Our reconstruction scheme requires only a minimum number of precalibrated devices operating on the single-photon level. For collecting data, only a single on-off detector and a fixed ratio beam splitter were used. The reference field (thermal light) was calibrated using the same detector. Reconstruction of single-photon, thermal, and two-photon states was performed. The scheme has proven to be quite robust with respect to the noise and deviation affecting the measurement setup. Our scheme can be generalized to a complete tomography by adding coherent shifts to the signal. Potentially, even spectrally filtered light from such incoherent sources as an incandescent lamp can be used for the probe (see figure to the left).

Further we want to explore how non-ideal distinguishability between wave-packets can be used to perform a complete reconstruction of an unknown quantum state. Ultimately, the goal is to realize in practice for the first time the complete program of quantum diagnostics including self-calibration of the measurement set-up, checking for systematic errors and clarification of their nature. Processing of information with precision on the single-particle level or with efficiency beyond conventional standards requires extremely well-tuned diagnostics tools. We aim to demonstrate the feasibility of a complete control over a quantum measurement apparatus, self-calibrating and analysing it in the process of tomographic measurement itself.

The experiments related to these theoretical proposals are performed in the group of Prof. Ch. Silberhorn at the University of Paderborn, Germany.

References:

[1] K. Banaszek, M. Cramer, D. Gross, "Focus on Quantum Tomography", New J. Phys. 15, 125020 (2013).

[2] G. Harder, D. Mogilevtsev, N. Korolkova, Ch. Silberhorn, "Tomography by noise", Phys. Rev. Lett. 113, 070403 (2014). Highlighted as Editor's Suggestion. Featured in Nature Photonics Reseach Highlights (N. Horiuchi, Nature Photonics 8, 812813 (2014)).

Quantum information science carries the potential for radically new means of computation, communication and information processing through the use of novel devices exploiting the laws of quantum mechanics. Coherence is a key notion here, being the underlying fundamental resource for all quantum information technologies. For instance, computational speed-up in the quantum realm comes from parallelism that stems from quantum coherent superposition states. Furthermore, all entanglement-enabled technologies in information processing and high precision measurement are emerging from coherence in its most general meaning, that is, from the correlations between physical quantities of quantum systems, from single quanta to optical modes, and their ability to interfere in a deterministic manner. However, it is not yet well understood how quantum correlations, or ultimately coherence, impacts on the computational performance and complexity of tasks that can be implemented and how to efficiently protect such systems from the environment. Studying decoherence and noise effects in combination with coherence and correlations will provide vital insights for radically new technologies.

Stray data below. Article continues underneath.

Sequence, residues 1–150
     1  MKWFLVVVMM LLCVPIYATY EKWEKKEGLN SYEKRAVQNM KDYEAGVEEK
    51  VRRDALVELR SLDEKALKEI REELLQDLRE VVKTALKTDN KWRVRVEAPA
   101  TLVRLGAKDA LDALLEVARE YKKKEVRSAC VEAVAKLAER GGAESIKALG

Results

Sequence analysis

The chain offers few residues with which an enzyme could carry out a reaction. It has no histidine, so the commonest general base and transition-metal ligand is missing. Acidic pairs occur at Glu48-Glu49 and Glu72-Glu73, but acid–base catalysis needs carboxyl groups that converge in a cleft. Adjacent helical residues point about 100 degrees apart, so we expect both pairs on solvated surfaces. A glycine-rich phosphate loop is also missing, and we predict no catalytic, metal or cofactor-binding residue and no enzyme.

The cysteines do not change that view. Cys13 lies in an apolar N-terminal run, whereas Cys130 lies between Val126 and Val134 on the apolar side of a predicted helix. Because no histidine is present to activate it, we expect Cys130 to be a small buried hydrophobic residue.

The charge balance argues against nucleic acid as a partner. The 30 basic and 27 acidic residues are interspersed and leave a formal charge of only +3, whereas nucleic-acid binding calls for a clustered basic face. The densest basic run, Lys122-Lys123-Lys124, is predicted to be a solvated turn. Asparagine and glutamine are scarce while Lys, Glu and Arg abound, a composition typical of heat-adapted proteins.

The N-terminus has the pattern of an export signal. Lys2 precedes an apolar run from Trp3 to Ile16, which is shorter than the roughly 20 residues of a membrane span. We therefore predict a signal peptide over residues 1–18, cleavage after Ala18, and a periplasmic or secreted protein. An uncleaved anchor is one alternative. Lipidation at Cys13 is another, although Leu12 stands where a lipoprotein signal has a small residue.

**Team:** L. Mišta, N. Korolkova (theory); R. Tatham, N. Quinn, C. Croal (completed PhD projects);

Ch. Peuntinger, V. Chille, Ch. Marquardt, G. Leuchs (Experiments at the Max Planck Institute for the Science of Light)

For our full research scope on this subject see publication list below. Here we highlight two recent experiments demonstrating several tri-partite quantum communication protocols. We briefly describe the fascinating physics of quantum correlation which underlies these protocols. The notable feature of these protocols is that they all are based on realistic, noise quantum mixed states.

In [7], we experimentally demonstrate the entanglement distribution by a separable ancilla
[T. S. Cubitt, F. Verstraete and J. I. Cirac, "Separable states can be used to distribute entanglement", Phys. Rev. Lett. 91, 037902 (2003).]
with Gaussian states of light modes [1,2] (Fig. 1). The protocol aims at entangling mode *A* which is in possession of a sender Alice with mode *B* held by a distant receiver Bob by local operations and transmission of a separable mediating mode *C* from Alice to Bob. This requires the parties to initiate their modes to a specific correlated but fully separable Gaussian state. Once the resource state *ABC* is established no further classical communication is needed to accomplish the protocol.

Fig. 1 Entanglement distribution by separable ancilla [1,2,7] – correlated noise creates coherence!

To emphasis this, we attribute the state preparation process to a separate party, David. Note, that this resource state preparation is performed by LOCC only. No non-local, global quantum operations are executed at the initial stage and no entanglement is present. It is remarkable that the creation of entanglement between two observers can be disassembled into local operation and communication of a *separable* quantum system between them. Impossibility of entanglement creation by LOCC is not violated here because communication of a quantum system is involved. The corresponding protocol exists only in a mixed-state scenario and obviously utilizes less quantum resources in comparison with the previous cases because communication of only a discordant separable quantum system is required.